Our selective outrage about Gaza

Events in Israel tend to mobilise otherwise dormant keyboard warriors. This week, social media has heaved with indignation at the plight of Palestinian protesters. Yet, the same critics of the State of Israel are strangely silent about the slaughter of far greater numbers of people in places like Sudan. Could it be that the Darfuris are the wrong type of Muslims? Or, like European Jewry in the 1930s, is the Sudanese cause simply less fashionable than the Palestinian one?

When I give talks about our work with Sudanese refugees, someone invariably asks what I’m doing about “all the dead Palestinian children.” The fact that a far higher proportion of children have been killed by the Khartoum regime is an inconvenient detail. And when I post a blog about the brave democracy campaigners (Muslims, by the way) who have fled the brutal Sudanese security services, it arouses no interest from those now claiming that Gaza is the worst place in earth.

Darfuris, and the Christians in Sudan’s Nuba Mountains, self-identify as African, whereas the Khartoum regime wants to ignore centuries of intermingling, thereby reframing the country as Muslim and Arab. Hence the systematic ethnic cleansing, which continues to this day in a media vacuum. For years, Human Rights Watch has reported on the bombardment of black African villages, which leave adjacent Arab ones untouched. Amnesty has compiled hundreds of testimonies from Darfuri women gang raped by Sudanese soldiers. When I was in Darfur in 2004, I interviewed women who had been branded as if they were slaves; by impregnating them, the soldiers said they would dilute their African blood.

In 2004, the USA determined that genocide was occurring in Darfur, and President Bashir was subsequently inducted for genocide by the International Criminal Court. Sudan experts estimate at least 400,000 civilians have been killed since 2003. This represents a significant proportion of the six million people in Darfur.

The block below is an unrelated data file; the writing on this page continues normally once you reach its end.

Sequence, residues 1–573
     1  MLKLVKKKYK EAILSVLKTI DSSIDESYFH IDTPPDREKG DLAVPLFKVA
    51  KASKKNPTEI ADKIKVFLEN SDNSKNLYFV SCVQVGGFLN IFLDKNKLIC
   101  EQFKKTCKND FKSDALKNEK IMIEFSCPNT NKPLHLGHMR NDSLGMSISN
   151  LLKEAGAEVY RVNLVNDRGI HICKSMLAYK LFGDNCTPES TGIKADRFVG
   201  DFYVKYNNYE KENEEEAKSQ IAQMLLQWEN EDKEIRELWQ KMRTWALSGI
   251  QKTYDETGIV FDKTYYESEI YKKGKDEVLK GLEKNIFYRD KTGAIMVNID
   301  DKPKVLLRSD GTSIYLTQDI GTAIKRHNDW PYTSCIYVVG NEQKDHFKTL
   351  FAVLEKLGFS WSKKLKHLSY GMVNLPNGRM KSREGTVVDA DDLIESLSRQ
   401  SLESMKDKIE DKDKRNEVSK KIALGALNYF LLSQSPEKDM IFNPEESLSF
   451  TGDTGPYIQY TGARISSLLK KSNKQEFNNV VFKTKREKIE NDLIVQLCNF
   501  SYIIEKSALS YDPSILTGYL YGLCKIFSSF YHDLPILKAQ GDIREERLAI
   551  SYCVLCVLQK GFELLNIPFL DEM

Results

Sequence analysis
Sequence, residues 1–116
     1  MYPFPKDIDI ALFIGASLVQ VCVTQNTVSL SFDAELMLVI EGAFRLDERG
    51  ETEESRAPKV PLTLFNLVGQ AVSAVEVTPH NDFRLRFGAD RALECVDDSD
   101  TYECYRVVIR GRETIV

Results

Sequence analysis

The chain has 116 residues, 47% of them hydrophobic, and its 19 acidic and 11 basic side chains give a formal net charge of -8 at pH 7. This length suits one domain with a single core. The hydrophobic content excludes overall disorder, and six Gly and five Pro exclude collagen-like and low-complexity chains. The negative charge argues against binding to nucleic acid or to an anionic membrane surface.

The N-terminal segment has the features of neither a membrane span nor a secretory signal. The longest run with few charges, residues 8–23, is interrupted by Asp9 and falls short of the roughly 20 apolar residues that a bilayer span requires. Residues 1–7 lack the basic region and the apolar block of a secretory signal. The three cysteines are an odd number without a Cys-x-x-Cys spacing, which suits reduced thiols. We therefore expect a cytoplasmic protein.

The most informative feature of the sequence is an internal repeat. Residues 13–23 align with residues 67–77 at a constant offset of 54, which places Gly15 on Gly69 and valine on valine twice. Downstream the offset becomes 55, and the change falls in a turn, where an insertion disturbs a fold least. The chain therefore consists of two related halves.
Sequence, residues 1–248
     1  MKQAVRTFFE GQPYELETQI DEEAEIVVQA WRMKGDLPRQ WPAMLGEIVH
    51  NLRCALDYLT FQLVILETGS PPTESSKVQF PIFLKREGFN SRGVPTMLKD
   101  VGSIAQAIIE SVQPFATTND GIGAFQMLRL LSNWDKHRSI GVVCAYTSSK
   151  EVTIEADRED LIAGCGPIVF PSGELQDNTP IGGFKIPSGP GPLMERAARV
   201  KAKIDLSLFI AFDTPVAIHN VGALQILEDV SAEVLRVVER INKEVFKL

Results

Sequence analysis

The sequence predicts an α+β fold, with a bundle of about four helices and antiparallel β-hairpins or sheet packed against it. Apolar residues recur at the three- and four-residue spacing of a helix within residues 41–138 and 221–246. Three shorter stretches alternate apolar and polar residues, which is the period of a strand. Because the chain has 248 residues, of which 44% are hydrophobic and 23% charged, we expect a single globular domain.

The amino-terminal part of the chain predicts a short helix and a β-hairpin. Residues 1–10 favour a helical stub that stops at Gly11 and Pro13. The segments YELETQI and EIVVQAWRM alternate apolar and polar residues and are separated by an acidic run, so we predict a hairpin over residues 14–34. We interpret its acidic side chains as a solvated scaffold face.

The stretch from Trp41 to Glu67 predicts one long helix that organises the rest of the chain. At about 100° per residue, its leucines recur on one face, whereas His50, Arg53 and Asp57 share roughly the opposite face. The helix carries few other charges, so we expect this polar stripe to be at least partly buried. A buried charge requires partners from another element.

Moreover, almost three million, or half the population, remain in refugee camps in next door Chad, or in squalid internally displaced persons camps, constantly vulnerable to attack by the regime’s militia proxies. Add to this the two million black Africans whom the UN estimates were killed by the regime in what was the southern third of Sudan until 2005 (now independent South Sudan).

Evidently it is not mass casualties per se that offend the selective public conscience. When Pol Pot was killing an estimated 24% of Cambodians, where was the Socialist Worker rent-a-mob who routinely protest about the Palestinians? Or when the Hutu regime killed two thirds of Rwandan Tutsis? Indonesia claims the dubious distinction of murdering the highest proportion of its own people (33%), in East Timor, but this catastrophe proved to be just as unfashionable as the current horrors being perpetrated upon the Rohingya people of Myanmar/Burma.

This is not to argue that the human rights of Palestinians do not matter. However, for the people of the DR Congo (five million killed since 1994) or Ethiopia (four million) or Bosnia, it must be bewildering, if not galling, that their misery does not attract the same revulsion as the suffering of Palestinians does.

It is significant that every moment of the conflict at the Gaza border is broadcast, whereas the Khartoum regime shrewdly sealed off Darfur and the Nuba Mountains at the beginning of its campaign of killing. Perhaps Sudan’s rulers knew enough about the Holocaust, and the years of denial and disbelief while it was happening, to understand that our selective outrage requires video footage. Whatever the truth, the suffering of the Sudanese continues in relative silence.

About the Author
Rebecca Tinsley is a former BBC journalist, who started the human rights group Waging Peace after visiting Darfur at the height of the killing. A sister charity, Article 1, supports Sudanese refugees in the UK. Her novel about Sudan, “When the Stars Fall to Earth” is available from TinsleyRC@aol.com
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